Hey there, folks! Today we’re going to talk about Metadata. For the uninitiated, that’s just a fancy way of saying we’re going to talk about data which is focused on other data.
The topic’s neither as boring nor as useless as you might at first believe, particularly from an SEO standpoint. The truth is, a thorough understanding of the metadata on your website is vital if you ever want to properly optimize your site.
“It’s critical that marketers understand the metadata that drives search engine optimization,” explains SEO expert Jill Kocher. “Without metadata, we weaken our ability to drive consumers from search engines to our sites. The metadata we use most for SEO speaks to search engines directly from each page crawled, to communicate important information or request a specific action from the search engines.”
Metadata, then, is the means by which websites ‘talk’ to search engines behind the scenes. It’s how your website identifies itself to Google, how it quantifies and categorizes itself on the SERP. You’re starting to see why it’s so important now, aren’t you?
Speaking broadly, there are three different types of metadata that come into play where search is concerned, according to Andrew Delamarter of Search Engine Watch:
- Schema.org Markup: As Google’s worked to make its search engine more functional for the end user, it has begun to move away from standard keyword-based search and into…something else entirely: semantic search. Although we don’t really have the time to offer a full breakdown of how semantic search works (there’s an excellent explanation here), the short answer is that it’s based on entities, which are defined by a series of traits (an Apple, for example, is a fruit, is red, and is food).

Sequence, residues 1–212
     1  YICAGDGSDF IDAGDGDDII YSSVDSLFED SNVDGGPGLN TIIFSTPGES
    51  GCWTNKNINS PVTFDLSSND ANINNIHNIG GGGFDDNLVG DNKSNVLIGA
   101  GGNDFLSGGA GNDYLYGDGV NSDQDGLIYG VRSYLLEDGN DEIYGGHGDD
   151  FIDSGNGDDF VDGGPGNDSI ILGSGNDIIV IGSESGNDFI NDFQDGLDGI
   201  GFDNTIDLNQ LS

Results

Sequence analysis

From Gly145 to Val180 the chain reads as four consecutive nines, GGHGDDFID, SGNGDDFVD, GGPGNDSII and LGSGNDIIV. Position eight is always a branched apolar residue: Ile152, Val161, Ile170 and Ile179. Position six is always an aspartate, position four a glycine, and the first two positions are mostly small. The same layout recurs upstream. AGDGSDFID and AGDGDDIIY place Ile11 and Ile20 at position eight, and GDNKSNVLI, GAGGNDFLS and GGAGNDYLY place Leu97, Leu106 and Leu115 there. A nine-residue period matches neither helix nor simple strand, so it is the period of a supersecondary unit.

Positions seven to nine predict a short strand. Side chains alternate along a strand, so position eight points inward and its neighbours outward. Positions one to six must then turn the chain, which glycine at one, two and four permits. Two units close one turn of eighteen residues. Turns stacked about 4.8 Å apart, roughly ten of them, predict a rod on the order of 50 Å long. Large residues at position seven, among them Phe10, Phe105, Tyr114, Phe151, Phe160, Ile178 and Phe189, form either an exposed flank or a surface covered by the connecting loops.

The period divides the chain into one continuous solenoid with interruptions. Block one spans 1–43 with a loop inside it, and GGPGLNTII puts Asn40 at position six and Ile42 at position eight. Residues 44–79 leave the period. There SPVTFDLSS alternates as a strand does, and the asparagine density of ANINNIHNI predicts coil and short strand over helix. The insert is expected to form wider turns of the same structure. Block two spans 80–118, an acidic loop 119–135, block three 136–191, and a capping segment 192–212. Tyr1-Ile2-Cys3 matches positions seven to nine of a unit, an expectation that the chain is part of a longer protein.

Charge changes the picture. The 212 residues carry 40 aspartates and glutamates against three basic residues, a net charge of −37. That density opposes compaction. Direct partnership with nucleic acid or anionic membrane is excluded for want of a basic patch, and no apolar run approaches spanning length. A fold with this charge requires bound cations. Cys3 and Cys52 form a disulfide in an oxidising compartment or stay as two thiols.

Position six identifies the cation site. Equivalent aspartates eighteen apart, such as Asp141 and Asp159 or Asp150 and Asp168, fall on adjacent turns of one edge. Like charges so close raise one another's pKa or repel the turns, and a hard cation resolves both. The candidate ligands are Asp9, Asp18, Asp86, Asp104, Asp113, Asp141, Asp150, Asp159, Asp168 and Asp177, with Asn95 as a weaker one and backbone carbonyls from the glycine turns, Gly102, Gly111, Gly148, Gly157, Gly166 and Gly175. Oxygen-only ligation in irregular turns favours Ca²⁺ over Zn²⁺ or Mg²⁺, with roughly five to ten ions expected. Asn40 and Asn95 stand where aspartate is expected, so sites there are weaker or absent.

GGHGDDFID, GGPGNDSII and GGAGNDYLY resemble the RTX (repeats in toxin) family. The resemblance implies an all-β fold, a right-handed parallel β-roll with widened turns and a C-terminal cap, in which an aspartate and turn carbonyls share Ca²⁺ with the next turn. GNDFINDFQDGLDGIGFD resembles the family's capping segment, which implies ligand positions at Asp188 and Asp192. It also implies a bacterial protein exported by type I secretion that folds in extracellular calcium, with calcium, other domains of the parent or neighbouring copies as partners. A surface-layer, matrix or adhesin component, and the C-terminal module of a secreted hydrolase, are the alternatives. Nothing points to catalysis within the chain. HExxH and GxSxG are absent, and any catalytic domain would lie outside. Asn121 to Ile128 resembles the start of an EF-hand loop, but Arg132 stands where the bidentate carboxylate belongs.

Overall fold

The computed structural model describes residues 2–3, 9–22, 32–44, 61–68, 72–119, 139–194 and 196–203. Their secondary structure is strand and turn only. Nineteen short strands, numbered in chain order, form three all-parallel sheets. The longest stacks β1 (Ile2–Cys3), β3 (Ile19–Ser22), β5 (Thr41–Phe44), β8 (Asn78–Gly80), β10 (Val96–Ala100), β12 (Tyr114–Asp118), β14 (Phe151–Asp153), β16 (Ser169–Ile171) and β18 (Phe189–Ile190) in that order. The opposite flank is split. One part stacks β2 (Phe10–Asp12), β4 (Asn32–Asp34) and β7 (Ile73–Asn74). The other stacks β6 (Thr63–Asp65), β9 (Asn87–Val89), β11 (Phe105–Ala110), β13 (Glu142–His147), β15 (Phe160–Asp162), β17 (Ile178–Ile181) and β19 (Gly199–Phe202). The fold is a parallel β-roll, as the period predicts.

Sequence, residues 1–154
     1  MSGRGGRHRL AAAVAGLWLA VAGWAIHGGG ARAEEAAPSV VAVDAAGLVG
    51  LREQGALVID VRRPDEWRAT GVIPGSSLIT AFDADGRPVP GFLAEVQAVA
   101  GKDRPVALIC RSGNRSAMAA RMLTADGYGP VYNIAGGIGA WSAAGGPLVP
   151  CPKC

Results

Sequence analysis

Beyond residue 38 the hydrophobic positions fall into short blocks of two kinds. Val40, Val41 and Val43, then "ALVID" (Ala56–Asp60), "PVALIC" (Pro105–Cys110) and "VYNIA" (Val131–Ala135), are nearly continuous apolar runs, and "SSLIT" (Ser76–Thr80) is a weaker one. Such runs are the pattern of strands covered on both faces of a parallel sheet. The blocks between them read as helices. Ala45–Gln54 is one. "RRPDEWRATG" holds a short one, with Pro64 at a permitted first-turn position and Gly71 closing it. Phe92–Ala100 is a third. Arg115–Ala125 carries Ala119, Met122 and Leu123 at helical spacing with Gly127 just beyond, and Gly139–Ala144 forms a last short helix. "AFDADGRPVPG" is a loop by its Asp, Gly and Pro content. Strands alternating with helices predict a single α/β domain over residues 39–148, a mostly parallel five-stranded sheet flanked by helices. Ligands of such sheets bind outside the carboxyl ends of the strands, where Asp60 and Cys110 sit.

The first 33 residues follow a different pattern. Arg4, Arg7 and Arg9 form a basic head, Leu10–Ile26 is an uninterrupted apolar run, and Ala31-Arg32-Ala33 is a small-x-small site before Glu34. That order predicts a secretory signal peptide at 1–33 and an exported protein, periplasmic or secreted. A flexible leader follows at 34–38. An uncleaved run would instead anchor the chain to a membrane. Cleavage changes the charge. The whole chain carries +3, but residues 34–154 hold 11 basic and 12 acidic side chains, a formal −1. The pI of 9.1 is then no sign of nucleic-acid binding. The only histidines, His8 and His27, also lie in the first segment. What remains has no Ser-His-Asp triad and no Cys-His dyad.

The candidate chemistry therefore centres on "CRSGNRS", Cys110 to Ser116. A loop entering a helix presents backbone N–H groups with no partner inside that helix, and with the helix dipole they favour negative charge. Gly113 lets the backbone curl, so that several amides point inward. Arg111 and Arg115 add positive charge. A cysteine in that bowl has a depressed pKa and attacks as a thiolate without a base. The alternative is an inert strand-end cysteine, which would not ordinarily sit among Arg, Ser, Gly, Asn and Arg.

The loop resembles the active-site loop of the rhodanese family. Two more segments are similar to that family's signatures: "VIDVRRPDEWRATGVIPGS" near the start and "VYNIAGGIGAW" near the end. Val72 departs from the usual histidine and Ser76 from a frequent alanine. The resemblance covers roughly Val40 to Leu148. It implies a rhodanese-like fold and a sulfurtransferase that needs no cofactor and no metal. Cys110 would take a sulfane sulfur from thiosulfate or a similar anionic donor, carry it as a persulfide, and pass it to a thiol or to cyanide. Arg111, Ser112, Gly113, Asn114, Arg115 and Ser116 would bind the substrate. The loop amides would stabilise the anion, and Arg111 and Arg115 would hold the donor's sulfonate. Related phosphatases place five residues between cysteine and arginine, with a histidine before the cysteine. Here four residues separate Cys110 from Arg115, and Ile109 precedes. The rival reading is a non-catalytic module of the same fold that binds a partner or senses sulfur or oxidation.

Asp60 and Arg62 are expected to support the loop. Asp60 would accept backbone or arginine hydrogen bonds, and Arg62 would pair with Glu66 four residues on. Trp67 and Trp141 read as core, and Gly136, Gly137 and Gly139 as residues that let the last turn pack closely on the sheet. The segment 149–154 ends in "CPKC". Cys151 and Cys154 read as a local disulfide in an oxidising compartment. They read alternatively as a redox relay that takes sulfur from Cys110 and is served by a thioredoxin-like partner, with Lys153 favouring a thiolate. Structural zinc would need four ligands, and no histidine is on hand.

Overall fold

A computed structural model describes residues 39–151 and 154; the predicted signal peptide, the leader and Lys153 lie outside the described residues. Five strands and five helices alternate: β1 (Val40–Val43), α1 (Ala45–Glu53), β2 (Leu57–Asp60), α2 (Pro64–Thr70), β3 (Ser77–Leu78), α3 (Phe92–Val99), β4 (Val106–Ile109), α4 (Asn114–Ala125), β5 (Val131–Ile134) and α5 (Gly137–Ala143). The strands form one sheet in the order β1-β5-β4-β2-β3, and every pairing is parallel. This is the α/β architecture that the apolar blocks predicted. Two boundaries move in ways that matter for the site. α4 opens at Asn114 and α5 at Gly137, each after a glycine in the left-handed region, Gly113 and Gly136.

- Open Graph Markup: Open Graph is similar to Schema.org, in that it’s a semantic informational tool. The main difference is that Open Graph is primarily used by Facebook, whereas Schema is primarily used by Google. Though there’s some contention over which of the two markups websites should use, it’s probably a safer bet to go with Schema – it’s more comprehensive, and provides more information to search engines.
- Other Metadata: Last, but certainly not least, we’ve meta descriptions, title tags, keywords, and the now-defunct Authorship and publisher meta tags. This is probably the form of metadata you’re most familiar with. Although it’s less important than it was in the past – semantic search gains more prominence with each day – it’s unlikely that it will become wholly irrelevant.
If you want to successfully optimize your site, you need to understand all three of the above types of metadata. That’s where we come in. Over the course of the next several weeks, we’ll take a more in-depth look at each particular color of metadata, and how they relate to SEO.
Our first topic will be Schema.org – look forward to it.